What are ecosystem services and how can you find meaningful links with the third sector to develop opportunities and reduce risk? Laura King explores some options.
Ecosystem services are the benefits provided by ecosystems that make life possible. Some examples are apparent, such as the production of food, or water that is free of contamination. Others, like the regulation of climate or provision of aesthetics are less obvious. Many ecosystem services will be applicable to businesses and each organisation will have a unique portfolio of ecosystem services that it both depends and impacts on.
To help tease out the different types of services, the UK National Ecosystem Assessment classifies them based on function.
Provisioning services: Products provided by ecosystems, eg food, water and resources.
Regulating services: The benefits provided by a well-regulated ecosystem, eg flood and hazard regulation and the provision of clean air and water.
Supporting services: Processes that are necessary for the production of other ecosystem services, eg water cycling.
Cultural services: Benefits that are enjoyed by people, eg recreation and cultural heritage.
Why do they matter?
Managing ecosystem services reduce risk around regulation, reputation and resources. It can also offer opportunities for new markets, improve customer relations and help develop efficient operations. Forward-thinking businesses already recognise the interdependency between ecosystem services and risk and opportunity, and where they are identified many are already investing to restore, maintain and enhance natural systems and processes. And, in general, this investment is because it benefits the bottom line.
A report written in May this year by Business for Social Responsibility (BSR), The Benefit Multiplier of Investing in Nature: Solving Business Problems and Realizing Multiple Returns through Working with Ecological Systems provides a number of case studies showing how companies have been able to build the business case to find the capital to invest in natural processes.
What is interesting about these case studies is that many of them develop opportunities for utilising ecosystem services. Businesses are well-versed in tackling traditional impacts on ecosystems such as resource consumption or controlling pollution — and as such they focus on risk. The case studies in BSR’s document highlight that there are also many opportunities that can be used to significant benefit.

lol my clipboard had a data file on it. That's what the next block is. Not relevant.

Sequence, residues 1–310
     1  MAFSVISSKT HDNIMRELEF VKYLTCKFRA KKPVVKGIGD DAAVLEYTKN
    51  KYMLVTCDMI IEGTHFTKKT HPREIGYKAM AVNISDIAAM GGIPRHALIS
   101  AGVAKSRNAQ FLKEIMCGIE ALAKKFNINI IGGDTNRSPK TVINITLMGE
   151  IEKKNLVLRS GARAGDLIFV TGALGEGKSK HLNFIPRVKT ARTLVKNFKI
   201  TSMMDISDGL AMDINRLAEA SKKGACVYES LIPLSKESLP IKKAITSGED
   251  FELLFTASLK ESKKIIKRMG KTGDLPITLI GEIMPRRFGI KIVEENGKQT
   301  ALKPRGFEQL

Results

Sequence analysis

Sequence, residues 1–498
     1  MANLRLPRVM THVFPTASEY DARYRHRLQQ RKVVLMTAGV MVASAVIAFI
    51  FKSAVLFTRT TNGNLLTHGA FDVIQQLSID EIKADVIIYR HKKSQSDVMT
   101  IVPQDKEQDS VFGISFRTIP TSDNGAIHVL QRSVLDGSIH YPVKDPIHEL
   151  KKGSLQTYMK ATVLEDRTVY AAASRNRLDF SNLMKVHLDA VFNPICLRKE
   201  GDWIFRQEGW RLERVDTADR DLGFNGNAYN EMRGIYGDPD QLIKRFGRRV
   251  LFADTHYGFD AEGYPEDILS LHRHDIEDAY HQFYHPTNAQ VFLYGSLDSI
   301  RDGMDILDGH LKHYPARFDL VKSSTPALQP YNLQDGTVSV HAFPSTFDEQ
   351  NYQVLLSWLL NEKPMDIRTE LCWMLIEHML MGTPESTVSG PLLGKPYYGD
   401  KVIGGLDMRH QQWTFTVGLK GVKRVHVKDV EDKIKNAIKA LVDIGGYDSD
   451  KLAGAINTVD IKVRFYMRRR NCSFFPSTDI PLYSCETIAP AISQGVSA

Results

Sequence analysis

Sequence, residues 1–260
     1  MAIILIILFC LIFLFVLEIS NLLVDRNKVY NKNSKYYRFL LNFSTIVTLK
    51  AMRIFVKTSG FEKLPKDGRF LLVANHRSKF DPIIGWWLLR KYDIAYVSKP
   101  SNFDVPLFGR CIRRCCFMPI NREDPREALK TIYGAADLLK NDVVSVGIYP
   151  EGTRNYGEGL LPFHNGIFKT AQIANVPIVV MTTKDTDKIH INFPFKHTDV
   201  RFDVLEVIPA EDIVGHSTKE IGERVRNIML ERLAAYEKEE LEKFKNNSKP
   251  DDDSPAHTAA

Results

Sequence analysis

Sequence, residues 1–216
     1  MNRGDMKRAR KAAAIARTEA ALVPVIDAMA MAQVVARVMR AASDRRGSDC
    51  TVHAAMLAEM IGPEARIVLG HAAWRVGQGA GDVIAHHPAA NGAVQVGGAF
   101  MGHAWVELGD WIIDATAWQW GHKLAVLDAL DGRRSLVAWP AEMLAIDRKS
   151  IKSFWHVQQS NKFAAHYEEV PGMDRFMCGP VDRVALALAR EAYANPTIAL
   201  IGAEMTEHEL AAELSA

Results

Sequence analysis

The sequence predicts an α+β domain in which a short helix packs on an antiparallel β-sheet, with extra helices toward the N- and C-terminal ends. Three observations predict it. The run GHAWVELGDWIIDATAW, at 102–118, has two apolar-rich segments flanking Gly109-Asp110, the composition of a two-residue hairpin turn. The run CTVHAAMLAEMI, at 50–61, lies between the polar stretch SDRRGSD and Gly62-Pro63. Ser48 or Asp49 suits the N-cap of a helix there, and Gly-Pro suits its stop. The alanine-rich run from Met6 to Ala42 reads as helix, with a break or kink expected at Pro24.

Why work with a TSO?
In some cases, it will make sense to deliver ecosystem service projects in-house, particularly where a high degree of control is needed. However, in many cases a third sector organisation (TSO) rooted in the conservation industry will already be doing what you need, and will be able to deliver work (or augment existing efforts) to support an ecosystem service approach. Furthermore, TSOs can offer a wide variety of benefits to an organisation. This can include:
expertise, and in-house knowledge
inspiration, passion and conviction
an infrastructure that is already in place to deliver specific ecosystem-related projects
a network of contacts and influences
potential to apply for funding from a number of different schemes — this might provide the opportunity to multiply any capital invested
a strong volunteer and support base
a good reputation, both locally and nationally.
As with any good partnership, there are also the additional benefits provided by working with TSOs, such as:
helping to promote a positive corporate identity and improving customer relations
enhancing employee relationships — especially if there are opportunities for staff to get involved
building a sense of pride in the organisation.
Types of TSO that deliver ecosystem services